New Orleans Saints running back Alvin Kamara has agreed not to plead trespassing charges over his involvement in a 2022 fight in Las Vegas, according to court documents.
Kamara and three other men were initially charged with conspiracy to cause physical harm and aggravated assault. Kamara will not be charged with a crime again after accepting the plea deal, his attorney David Chesnoff confirmed Tuesday.
Kamara will do 30 hours of community service and pay the alleged fight victim $105,000 for medical bills.
“Alvin is glad this matter is behind him and looks forward to a successful NFL season,” Chesnoff said in a statement.
Kamara and three other men, including free agent cornerback Chris Lammons, were arrested on battery charges after they were accused of injuring a man outside a nightclub on the eve of the Pro Bowl in Las Vegas on Feb. 6, 2022. Kamara played in the Pro Bowl and was taken into custody afterwards.
All four men were indicted by a grand jury on February 16, 2023 after hearings on the case continued several times throughout 2022. Kamara was also sued in civil court by the alleged victim, who filed a lawsuit against him in Louisiana last October.
The alleged victim, Darnell Greene Jr., accused Kamara and the other men of hitting and then stomping on him while he was unconscious.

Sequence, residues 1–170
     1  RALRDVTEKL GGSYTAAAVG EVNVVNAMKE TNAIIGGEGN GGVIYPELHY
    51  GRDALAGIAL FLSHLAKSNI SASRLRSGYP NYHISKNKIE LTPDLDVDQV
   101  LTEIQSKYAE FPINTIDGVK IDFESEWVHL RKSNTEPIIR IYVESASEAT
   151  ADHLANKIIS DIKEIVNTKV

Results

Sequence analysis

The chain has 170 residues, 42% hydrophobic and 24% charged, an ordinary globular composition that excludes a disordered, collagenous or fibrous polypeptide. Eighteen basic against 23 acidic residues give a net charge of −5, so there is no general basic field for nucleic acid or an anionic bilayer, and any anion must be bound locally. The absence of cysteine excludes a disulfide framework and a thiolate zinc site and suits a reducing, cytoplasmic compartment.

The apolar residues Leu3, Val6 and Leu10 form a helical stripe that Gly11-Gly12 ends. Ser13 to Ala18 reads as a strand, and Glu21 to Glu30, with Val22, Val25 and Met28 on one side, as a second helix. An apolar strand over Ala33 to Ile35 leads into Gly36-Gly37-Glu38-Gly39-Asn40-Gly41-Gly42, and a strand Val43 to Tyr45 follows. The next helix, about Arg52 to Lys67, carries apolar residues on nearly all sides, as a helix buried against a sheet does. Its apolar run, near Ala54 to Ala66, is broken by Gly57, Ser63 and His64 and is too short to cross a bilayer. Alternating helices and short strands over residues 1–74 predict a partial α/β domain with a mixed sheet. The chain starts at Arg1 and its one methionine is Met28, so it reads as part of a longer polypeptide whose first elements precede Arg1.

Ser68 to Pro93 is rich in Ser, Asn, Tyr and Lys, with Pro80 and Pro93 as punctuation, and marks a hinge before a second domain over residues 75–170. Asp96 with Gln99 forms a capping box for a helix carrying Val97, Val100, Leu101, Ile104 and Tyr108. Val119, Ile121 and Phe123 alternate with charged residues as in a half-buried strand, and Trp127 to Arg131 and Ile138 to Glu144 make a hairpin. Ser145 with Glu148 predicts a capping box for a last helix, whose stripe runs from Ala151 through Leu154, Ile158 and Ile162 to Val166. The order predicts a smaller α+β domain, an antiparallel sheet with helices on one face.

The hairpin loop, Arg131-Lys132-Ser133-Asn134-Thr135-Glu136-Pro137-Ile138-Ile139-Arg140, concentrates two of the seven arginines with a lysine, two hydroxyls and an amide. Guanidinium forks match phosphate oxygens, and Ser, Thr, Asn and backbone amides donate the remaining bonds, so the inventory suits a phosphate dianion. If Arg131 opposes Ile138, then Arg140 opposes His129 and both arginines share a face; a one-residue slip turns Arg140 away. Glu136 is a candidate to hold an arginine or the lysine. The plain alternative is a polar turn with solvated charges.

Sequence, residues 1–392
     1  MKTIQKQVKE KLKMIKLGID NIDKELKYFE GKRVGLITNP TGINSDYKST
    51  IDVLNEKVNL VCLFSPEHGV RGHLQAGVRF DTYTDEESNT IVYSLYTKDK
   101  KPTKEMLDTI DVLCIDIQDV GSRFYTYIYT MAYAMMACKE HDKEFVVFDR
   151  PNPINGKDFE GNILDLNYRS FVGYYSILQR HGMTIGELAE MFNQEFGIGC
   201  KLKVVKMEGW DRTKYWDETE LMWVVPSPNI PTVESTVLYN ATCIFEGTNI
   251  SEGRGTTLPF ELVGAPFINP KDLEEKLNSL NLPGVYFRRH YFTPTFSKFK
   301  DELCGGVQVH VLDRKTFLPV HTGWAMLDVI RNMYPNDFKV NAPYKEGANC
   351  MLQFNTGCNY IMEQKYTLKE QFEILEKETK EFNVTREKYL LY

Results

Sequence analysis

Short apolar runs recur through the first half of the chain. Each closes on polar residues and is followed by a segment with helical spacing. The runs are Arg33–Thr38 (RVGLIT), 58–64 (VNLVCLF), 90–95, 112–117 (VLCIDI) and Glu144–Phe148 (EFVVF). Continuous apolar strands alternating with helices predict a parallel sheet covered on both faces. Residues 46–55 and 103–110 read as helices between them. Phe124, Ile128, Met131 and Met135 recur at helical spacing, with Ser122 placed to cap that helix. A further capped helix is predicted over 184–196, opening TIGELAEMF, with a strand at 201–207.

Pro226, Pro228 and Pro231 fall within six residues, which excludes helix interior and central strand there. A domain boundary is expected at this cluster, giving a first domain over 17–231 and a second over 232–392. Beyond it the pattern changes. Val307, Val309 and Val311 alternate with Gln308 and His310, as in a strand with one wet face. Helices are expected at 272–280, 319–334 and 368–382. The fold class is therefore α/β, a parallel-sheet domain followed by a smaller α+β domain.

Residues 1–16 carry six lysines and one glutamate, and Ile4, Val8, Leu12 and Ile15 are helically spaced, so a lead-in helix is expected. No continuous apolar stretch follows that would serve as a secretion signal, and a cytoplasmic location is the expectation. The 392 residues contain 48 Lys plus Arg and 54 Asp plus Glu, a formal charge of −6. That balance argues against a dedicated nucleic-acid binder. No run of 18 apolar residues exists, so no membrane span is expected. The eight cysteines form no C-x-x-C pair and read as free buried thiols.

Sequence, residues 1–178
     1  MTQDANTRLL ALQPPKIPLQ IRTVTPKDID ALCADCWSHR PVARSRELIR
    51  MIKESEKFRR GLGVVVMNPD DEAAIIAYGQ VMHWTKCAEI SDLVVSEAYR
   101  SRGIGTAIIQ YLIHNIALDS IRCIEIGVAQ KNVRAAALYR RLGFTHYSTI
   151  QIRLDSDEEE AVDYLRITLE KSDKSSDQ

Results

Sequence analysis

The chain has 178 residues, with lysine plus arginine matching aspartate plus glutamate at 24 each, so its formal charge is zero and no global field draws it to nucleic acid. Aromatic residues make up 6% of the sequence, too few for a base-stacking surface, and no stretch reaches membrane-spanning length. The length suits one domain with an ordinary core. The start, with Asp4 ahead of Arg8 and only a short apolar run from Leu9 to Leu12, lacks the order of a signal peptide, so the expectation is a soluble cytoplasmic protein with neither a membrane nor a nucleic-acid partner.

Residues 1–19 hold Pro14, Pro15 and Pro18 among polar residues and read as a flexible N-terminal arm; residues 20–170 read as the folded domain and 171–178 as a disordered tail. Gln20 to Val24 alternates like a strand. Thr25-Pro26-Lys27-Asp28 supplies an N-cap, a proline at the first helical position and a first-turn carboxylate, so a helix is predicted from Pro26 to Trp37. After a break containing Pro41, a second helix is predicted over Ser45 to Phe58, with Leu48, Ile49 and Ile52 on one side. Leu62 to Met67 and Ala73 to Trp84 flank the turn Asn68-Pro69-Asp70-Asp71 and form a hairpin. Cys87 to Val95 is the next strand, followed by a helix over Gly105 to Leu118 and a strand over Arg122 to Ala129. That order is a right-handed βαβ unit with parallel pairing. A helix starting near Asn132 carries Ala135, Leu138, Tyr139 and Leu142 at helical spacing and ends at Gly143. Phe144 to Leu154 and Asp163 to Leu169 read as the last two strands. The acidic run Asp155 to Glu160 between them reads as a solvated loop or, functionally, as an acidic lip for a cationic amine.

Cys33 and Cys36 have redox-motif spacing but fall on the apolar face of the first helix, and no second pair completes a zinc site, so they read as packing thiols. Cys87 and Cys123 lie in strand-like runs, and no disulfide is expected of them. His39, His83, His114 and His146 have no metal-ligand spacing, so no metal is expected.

While Greene initially sought $10 million in damages from Kamara, a dismissal notice in a Louisiana court last November said the lawsuit was never officially served on Kamara. The two men reached a private settlement on July 10, according to Greene’s attorney, Tony Buzbee.
buzzbee said on his Instagram account that the settlement also included a public apology from Kamara.
“Please accept my sincere apologies for the events of February 5, 2022 in Las Vegas,” the apology read. “I am pleased that we were able to put this unfortunate incident behind us and wish you all the best for the future.”
Following the grand jury’s indictment in February, the four men were due to be tried by jury on July 31, but Kamara’s performance has now been canceled due to his plea deal.
The NFL released a statement Tuesday that said, “We have been closely monitoring all developments on the matter, which is still under review.”
The NFL lists assault/assault as a form of prohibited conduct in its official conduct policy and says any player found engaging in such conduct may be subject to a disciplinary sanction, even if there is no criminal conviction.
“It’s not enough to just avoid being convicted of a crime,” states the league’s policy. “We all have higher standards and we need to behave responsibly, promote NFL values and be lawful. Players who have been convicted of a criminal offense or who are the subject of criminal proceedings… are concerned.” Discipline.”